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you guys that have changed the cams, do you get much out of them in the usable power band? i have cammed just about every hd i've owned and honestly in the rpm range i ride in didn't get much bang out of them. i mainly did it on hd's for the sound. when you put pipes and cleaner on one, and s&s carb , the cams really bring out the sound. i rarely get over 3000 rpm though and the extra power just wasn't there at that rpm.
I can't speak for everyone, but I noticed the most improvement at around 3500 rpm to 5000+. Engine never got wheezy and wanted to keep on going hard and fast all the way through, even at 5000rpm. I believe thats why Lloydz suggest getting the ECS remaped to up the Rev Limiter to around 6000+ to get everything out of the Cams. Some others may have noticed a pickup at lower RPMs. but I have alot of ass to move at 6'4", 280lbs and may need the higher end to get things moving.:D
 

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Assuming a bone stock bike:




Adding stuff like pipes/airbox/fuel controller/cams will improve power from 2500 rpm up. You may even drop a little power below 2500, but once rpm get above 2500 you'll forget all about that little bit of loss. The modifications will extend the usable powerband out to higher rpm, giving a wider usable powerband than stock, although it will move the green zone a couple hundred rpm farther to the right.

As far as cams for sound... wasted effort on a Victory engine. It won't sound any different.



.
 

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I have to ask: Why?
thats just where i like to ride. i do get on it every now and then , but if i get to a higher rpm in anything but first i'm already over the speed limit most places around here. the dealer that used to be in knoxville said get it to 3500 before changes. i tried that one time and got a side full of fingernails for hitting 70 in a 45. it was in either second or third, i don't remember, but the wife wasn't happy with what would be a very bad ticket if caught. you have to remember i have rode hd's for years and they are happy just above idling most of the time.the way you drive is hard to change just because the machine is different. i know the cam's won't help a vic sound, even the cherry bombs just make a louder steady pom pom pom. and an occasional pop that will wake you up when shifting..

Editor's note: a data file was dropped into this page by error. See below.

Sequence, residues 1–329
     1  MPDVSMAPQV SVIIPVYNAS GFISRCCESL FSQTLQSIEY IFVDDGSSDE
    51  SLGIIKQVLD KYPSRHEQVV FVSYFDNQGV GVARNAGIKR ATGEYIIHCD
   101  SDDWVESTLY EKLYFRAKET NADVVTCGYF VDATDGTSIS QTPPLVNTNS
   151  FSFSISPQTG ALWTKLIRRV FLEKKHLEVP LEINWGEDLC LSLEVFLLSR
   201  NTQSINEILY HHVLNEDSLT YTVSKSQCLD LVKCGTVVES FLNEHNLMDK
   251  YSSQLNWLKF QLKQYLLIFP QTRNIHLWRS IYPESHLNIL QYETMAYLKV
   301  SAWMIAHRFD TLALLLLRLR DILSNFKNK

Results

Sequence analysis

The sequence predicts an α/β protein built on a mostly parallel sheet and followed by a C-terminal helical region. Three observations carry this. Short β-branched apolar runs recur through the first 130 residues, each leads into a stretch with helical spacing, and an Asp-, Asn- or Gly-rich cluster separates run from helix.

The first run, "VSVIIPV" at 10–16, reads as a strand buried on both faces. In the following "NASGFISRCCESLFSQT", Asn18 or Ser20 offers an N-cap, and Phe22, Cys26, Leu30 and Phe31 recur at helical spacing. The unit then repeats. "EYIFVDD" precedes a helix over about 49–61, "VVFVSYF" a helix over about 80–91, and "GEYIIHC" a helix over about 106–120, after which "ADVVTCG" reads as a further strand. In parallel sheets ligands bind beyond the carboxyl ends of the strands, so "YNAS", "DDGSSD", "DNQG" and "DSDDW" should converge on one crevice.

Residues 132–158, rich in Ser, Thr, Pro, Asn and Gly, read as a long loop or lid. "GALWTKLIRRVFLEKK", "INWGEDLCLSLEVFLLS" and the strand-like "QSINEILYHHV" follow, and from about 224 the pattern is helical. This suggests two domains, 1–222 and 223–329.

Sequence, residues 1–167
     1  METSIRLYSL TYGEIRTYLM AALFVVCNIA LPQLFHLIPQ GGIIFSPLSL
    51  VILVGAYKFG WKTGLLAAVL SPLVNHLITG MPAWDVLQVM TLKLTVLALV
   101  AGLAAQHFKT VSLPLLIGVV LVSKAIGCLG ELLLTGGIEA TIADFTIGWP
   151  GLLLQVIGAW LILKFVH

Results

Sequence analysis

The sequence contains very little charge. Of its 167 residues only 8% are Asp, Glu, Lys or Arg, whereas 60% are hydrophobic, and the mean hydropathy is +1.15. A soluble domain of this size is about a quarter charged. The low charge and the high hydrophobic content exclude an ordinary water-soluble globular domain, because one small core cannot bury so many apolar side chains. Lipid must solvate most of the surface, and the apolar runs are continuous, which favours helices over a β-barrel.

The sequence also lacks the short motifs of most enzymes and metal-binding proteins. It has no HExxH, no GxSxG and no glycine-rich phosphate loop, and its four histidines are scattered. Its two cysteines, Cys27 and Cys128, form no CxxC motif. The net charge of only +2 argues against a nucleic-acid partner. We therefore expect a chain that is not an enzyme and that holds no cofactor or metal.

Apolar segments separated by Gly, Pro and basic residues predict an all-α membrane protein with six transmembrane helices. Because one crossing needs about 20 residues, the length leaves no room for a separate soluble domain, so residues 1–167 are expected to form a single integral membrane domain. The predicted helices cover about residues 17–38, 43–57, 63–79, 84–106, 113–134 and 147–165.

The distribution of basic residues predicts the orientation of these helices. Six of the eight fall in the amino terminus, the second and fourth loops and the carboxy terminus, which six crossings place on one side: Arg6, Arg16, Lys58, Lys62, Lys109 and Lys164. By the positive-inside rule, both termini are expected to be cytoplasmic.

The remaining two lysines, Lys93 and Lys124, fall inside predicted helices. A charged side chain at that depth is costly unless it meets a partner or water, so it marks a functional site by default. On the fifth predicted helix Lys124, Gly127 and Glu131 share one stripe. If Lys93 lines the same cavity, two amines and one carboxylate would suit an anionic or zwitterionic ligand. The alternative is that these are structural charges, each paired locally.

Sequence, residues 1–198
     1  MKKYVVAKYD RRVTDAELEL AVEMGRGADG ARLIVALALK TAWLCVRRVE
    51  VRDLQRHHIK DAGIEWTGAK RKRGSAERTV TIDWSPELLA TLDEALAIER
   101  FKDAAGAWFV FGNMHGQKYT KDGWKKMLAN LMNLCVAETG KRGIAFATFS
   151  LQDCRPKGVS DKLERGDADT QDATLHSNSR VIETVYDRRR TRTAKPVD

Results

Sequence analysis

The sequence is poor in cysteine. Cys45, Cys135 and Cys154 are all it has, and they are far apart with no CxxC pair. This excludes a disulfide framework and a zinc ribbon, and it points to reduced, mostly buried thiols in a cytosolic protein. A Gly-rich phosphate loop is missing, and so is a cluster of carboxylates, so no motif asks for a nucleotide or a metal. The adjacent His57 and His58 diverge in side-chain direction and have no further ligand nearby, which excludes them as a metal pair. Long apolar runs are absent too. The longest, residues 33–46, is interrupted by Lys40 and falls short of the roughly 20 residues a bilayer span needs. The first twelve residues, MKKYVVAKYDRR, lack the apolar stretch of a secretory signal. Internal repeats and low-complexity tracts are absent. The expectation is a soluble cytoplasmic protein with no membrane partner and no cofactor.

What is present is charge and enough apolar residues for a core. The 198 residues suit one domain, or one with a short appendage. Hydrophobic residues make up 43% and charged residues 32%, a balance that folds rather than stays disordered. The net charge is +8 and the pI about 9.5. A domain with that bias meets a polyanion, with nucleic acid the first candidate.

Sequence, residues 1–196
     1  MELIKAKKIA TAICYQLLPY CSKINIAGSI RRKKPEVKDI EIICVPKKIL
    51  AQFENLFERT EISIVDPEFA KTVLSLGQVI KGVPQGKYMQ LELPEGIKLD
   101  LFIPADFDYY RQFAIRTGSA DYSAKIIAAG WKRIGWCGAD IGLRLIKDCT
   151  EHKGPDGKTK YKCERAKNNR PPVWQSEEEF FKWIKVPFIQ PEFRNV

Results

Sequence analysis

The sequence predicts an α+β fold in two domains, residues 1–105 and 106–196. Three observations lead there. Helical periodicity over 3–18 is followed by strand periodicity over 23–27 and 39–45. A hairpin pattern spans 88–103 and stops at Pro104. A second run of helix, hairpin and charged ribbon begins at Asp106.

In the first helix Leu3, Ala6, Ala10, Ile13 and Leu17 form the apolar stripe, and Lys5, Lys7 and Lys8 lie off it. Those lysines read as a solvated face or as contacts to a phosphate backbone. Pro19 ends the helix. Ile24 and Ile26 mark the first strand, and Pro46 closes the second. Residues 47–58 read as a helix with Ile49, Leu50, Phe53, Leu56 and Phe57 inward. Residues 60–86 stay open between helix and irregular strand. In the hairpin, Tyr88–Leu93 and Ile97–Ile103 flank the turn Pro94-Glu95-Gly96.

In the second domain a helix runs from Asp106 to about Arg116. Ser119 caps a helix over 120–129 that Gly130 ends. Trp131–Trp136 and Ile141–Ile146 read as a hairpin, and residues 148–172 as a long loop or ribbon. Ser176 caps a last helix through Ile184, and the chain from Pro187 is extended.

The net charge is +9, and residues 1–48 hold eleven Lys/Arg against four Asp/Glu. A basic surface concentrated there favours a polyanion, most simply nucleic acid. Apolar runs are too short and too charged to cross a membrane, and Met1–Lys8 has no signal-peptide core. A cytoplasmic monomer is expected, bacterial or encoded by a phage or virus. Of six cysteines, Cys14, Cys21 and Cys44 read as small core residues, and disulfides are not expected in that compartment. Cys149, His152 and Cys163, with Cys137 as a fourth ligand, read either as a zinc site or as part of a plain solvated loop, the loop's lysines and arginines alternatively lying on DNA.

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Got my Cams done by Dealer for $265.00 labor once I gave him PhilC64 instructions on Cam install with out eingine removed. Before I gave them the instructions, I was quoted about the same price of $700. Kutos to all you who were able to do this install yourselfthumb up
Congrats and it sounds like you have a very good dealer. Will your dealer do the same service for others @ the same price point?
 

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Congrats and it sounds like you have a very good dealer. Will your dealer do the same service for others @ the same price point?
They are some good guys, and have always worked with me on getting things done on my bike with information I have gotten on this forum. I don't see any reason why the price would be any different except they give people who bought their bikes there somewhere between a 5- 10% discount on labor. But I'll ask incase anybody is all the way down here in Corpus Christi, Tx. One thing for sure, and that is order your gaskets that you'll need before you make an appointment. ( The Dealer charged 3.5 hours labor for the job.) May seem a little long for those who install cams on a regular bases, but it was their first time to break the back bone on an XC and install Cams.
 

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I'm flattered by your compliments folks! My entire goal was to get you spinning wrenches and realizing these bike are easy to work on. As I state in my write up, I have to thank BBob for the inspiration.

I am taking your comments regarding the 1 1/16th socket observation and am adding it to the write up. Without input like this, our common knowledge gets stale and static. Never a good thing.

Ride the snot out of your bikes and enjoy the smiles per mile!
 

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.... May seem a little long for those who install cams on a regular bases, but it was their first time to break the back bone on an XC and install Cams.
After I read your comment, I honestly believe the folks at Vic want you to play with these bikes. Why have a split frame and not make a solid frame? Why make the frame so you can come up with some wild fabrication such as Conquest's new Cuda? I think they honestly thought so outside the box, that they included you into the equation.